SAO PAULO (Reuters) - An attempt by one of Brazil's largest retailers to target racial disparities in its management ranks sparked a backlash by the country's federal public defender's office, which accused Magazine Luiza SA MGLU3.SA of discrimination.
The public defender, Jovino Bento Junior, said the retailer was basing its recruitment “exclusively on skin color” and that would be discriminatory, according to a document, dated Sept 28, in which he proposes a lawsuit against the company.
A group of 11 other public defenders who focus on ethnic and racial issues publicly repudiated Bento’s complaint.
Last month, the department store chain and Internet retailer launched a trainee program exclusively focused on recruiting Black people, saying the move was aimed at increasing diversity in its executive ranks.
Civil rights issues in Brazil have rarely provoked mass protests as in the United States, but social statistics show widespread signs of racial discrimination. Its large Black population is underrepresented in professional jobs, earning roughly 56% of what white people make, according to government statistics agency IBGE.
Magazine Luiza is offering a monthly salary of 6,600 reais, about six times the country’s minimum wage, plus benefits such as health and dental insurance, to a maximum of 20 applicants who graduated from college between 2017 and 2020.
“All workers should have access to the job market in equal opportunities,” Bento wrote, adding that while some form of affirmative action could be warranted, only some of those positions should be reserved to minorities.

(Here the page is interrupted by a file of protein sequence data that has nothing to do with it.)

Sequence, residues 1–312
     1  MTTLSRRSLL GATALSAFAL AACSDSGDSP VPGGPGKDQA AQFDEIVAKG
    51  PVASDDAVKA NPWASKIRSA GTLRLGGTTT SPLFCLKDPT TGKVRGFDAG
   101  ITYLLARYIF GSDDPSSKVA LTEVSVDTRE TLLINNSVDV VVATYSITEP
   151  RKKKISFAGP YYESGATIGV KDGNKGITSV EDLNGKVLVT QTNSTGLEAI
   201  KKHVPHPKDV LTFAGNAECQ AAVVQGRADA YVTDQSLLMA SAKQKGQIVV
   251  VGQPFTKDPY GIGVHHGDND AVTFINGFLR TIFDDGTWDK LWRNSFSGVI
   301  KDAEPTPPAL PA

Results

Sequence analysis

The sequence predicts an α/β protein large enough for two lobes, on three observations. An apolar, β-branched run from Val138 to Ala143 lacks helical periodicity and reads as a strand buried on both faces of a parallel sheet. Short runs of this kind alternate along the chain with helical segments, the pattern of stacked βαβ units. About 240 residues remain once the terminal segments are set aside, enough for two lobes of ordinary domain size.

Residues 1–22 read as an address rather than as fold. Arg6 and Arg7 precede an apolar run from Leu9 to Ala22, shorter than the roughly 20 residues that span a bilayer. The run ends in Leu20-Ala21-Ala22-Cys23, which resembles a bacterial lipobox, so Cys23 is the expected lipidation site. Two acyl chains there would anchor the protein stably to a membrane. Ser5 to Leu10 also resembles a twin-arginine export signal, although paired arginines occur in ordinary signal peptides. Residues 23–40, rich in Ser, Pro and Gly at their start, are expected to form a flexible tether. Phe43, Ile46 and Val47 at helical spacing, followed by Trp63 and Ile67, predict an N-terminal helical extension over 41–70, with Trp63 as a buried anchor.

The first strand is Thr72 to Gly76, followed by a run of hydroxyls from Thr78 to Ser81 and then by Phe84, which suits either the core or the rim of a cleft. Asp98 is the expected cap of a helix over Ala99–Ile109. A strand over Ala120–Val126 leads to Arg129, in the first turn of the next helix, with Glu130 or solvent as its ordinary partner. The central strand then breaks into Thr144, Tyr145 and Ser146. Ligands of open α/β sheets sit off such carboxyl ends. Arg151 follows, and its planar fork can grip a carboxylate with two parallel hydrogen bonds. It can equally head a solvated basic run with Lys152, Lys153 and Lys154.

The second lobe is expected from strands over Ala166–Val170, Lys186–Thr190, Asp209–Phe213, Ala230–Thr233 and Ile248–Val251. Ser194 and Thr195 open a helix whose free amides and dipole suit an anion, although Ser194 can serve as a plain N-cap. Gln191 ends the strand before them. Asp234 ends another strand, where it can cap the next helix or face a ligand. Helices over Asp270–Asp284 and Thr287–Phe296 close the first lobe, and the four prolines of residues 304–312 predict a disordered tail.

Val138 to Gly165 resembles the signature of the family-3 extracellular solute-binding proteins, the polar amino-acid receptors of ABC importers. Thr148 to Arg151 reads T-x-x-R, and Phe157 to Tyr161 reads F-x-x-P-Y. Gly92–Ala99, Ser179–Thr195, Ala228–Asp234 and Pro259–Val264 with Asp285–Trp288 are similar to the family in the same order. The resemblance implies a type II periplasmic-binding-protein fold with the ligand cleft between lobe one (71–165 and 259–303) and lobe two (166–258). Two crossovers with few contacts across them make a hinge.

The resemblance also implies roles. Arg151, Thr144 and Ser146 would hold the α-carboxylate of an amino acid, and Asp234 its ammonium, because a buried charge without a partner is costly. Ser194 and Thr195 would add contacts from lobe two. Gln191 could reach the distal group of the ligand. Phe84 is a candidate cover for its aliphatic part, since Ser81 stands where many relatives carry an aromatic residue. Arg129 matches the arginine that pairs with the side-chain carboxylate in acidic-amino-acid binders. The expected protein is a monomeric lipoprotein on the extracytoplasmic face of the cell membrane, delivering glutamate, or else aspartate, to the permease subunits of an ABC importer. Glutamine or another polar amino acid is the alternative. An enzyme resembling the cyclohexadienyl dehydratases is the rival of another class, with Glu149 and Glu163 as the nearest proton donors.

Bento expressed concern that other companies could follow Magazine Luiza’s lead, limiting “access to job and income” for non-minority applicants, he added. He accused the company of focusing on “corporate marketing.”
Magazine Luiza declined to comment.
On Monday, the chain’s founder and chairman Luiza Trajano said in a TV interview she launched the trainee program after realizing the company’s leadership was composed entirely of white Brazilians.
“Slavery was in Brazil for 350 years, the majority (of its population) is black, the majority lives on the outskirts. This is the truth, so they don’t apply (for trainee programs),” she said. “When I realized what structural racism is, I even cried.”
Reporting by Carolina Mandl, additional reporting by Ricardo Brito, in Brasilia; Editing by Christian Plumb and David Gregorio
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